Music Reviews
The Plot Against Common Sense

Future of the Left The Plot Against Common Sense

(Xtra Mile) Buy it from Insound Rating - 7/10

First things first: yes, that’s the cover of the new Future of the Left record. No, I don’t know what the hell’s going on – other than the fact that seems to have a penguin on it, it’s the sort of thing even Muse or Biffy Clyro would turn their fucking noses up at. It’s so bad it may have fostered misgivings that Falco & co. might have lost the plot a bit, but don’t worry, Future of the Left are still making reliably cynical, witty, and occasionally catchy post-hardcore on their third album.

This time round they’ve been joined by guitarist Jimmy Watkins, and former Million Dead bassist Julia Ruzicka, who gives the record its backbone, with arresting, distorted riffs (especially on the pounding Beneath the Waves an Ocean and Rubber Animals), making this at times the rawest FotL material to date. On Failed Olympic Bid, as though being challenged to make the song’s industrial squeals even more chaotic, she clatters in with brilliantly unhinged blasts of grit. Plus the synths are back, adding another layer to FotL’s versatility, and always working ideally along with their pedal-laden guitar work. But amidst the abrasion, there are nods to a pop sensibility too – Goals in Slow Motion in particular is glorious, if lyrically inscrutable, with a satisfying harmonised chorus and an anthemic finale.

The Plot Against Common Sense is an apt title for a record that's about, allowing for characteristic indirectness, modern Britain’s broadly shared ignorance. It’s about a generation for whom Russell Brand is a modern Prometheus (Notes On Achieving Orbit), who were too stupid to join in on last year’s riots (Sorry Dad, I Was Late for the Riots), who rely upon ocean dumping for their synthetic disposables (Polymers are Forever), and who think that “no one will care if you throw bottles in your neighbour’s garden twice a week” (Anchor). As ever, Future of the Left are staunchly anti-everything, which comes across as the most convincingly honest stance to take. And it’s telling that my favourite song on the album is also the silliest: I don’t want to spoil the jokes in Robocop 4: Fuck Off Robocop but it’s simply some of Falco’s funniest writing; you never know if it’s a set of daft cheap shots (Billy Corgan, Pirates of the Caribbean 47, Michael Bay) or a scathing tirade against the state of the film industry, and it couldn’t have been produced by any other band.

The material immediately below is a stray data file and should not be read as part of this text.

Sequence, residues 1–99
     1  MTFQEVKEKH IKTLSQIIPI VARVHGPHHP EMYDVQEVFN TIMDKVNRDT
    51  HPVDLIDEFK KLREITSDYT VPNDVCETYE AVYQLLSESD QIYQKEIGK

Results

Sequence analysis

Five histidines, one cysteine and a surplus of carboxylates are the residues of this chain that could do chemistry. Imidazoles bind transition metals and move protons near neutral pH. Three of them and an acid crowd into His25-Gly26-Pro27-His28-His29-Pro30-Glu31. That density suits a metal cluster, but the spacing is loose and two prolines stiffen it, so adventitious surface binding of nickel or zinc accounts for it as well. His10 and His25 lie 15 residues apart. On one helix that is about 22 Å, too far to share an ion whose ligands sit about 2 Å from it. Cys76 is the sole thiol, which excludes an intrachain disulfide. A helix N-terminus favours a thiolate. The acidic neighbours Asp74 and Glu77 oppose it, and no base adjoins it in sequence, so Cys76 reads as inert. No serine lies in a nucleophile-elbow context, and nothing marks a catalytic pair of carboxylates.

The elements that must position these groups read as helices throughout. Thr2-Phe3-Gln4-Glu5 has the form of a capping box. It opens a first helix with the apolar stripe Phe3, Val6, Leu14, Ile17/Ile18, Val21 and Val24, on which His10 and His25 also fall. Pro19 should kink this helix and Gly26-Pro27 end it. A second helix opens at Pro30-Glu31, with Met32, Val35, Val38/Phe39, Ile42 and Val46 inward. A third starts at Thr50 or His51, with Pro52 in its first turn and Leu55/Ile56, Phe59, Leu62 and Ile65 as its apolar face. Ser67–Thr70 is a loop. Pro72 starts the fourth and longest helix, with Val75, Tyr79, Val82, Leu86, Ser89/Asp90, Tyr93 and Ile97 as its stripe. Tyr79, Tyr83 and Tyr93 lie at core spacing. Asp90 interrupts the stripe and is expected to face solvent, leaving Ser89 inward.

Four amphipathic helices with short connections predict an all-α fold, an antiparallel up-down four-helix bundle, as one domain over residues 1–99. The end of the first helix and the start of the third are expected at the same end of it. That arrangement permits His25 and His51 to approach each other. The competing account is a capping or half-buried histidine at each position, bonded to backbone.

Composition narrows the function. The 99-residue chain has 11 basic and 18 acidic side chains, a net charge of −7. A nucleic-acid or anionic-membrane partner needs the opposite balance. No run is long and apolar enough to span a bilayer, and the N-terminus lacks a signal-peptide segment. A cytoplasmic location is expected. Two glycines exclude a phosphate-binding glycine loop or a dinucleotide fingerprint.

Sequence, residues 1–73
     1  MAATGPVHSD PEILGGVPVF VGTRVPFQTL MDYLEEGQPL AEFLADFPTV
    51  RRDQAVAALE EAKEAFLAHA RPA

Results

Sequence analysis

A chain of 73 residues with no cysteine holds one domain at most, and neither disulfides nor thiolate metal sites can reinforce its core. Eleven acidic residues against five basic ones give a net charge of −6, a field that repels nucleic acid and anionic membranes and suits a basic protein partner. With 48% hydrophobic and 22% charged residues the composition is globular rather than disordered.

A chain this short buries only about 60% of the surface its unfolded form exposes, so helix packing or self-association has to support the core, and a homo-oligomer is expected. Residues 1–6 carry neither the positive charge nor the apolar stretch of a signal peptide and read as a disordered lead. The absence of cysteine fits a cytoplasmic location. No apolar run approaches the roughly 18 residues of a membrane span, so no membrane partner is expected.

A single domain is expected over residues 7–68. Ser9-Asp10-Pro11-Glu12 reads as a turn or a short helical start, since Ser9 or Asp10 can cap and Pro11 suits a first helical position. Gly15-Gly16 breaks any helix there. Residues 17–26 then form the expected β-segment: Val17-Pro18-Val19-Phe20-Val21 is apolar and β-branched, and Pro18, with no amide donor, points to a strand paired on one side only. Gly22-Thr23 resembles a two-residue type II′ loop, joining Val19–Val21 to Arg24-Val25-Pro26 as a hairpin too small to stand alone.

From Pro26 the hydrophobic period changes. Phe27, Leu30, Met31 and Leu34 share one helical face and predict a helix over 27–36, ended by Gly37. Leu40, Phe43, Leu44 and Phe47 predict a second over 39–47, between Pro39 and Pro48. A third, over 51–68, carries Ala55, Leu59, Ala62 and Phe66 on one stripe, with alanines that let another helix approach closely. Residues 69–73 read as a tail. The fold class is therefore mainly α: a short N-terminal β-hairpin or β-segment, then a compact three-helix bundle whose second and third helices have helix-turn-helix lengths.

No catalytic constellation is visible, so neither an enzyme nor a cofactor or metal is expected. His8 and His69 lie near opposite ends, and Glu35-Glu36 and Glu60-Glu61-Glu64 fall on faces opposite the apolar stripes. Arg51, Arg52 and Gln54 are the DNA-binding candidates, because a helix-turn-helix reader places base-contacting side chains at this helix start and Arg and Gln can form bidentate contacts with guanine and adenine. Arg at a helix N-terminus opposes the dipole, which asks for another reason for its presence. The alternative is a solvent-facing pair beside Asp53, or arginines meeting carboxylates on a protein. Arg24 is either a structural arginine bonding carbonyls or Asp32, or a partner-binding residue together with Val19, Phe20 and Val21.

But it’s got to be the most eminently quotable track on the album, as the whole thing passed me by a couple of times without leaving a strong impression, which weird considering I tend to think of Falco as the Malcolm Tucker of alternative rock. Falco is, at his best, a singer whose incomparable lyrics and delivery will get lodged in your brain like no one else, and nowhere was this more evident on FotL’s 2010 LP Travels with Myself and Another. On The Plot Against Common Sense, he is stretching himself more than ever in terms of vocal styles (to my occasional chagrin; cf Camp Cappuccino’s mouth-full smirks), though his favourite gear as ever is his vitriolic snarl – and yet he just can’t seem to drive as many lyrics home like he used to.

It’s not customary for FotL to release a “grower” like this, which is perhaps the result of (arguably wisely) obscuring the comedy angle of their work somewhat. It could do with one or two songs being trimmed, but there’s enough variety to keep things engaging, if at times it lacks incisiveness. Still, my criticisms are largely comparing the band to their past work, which happens to be exceptional. On the other hand, their developments prove (if proof is still needed) that Future of the Left have outgrown the shadow of Mclusky, and although it's not as memorable as it should be, it still burns with the band's unique misanthropy.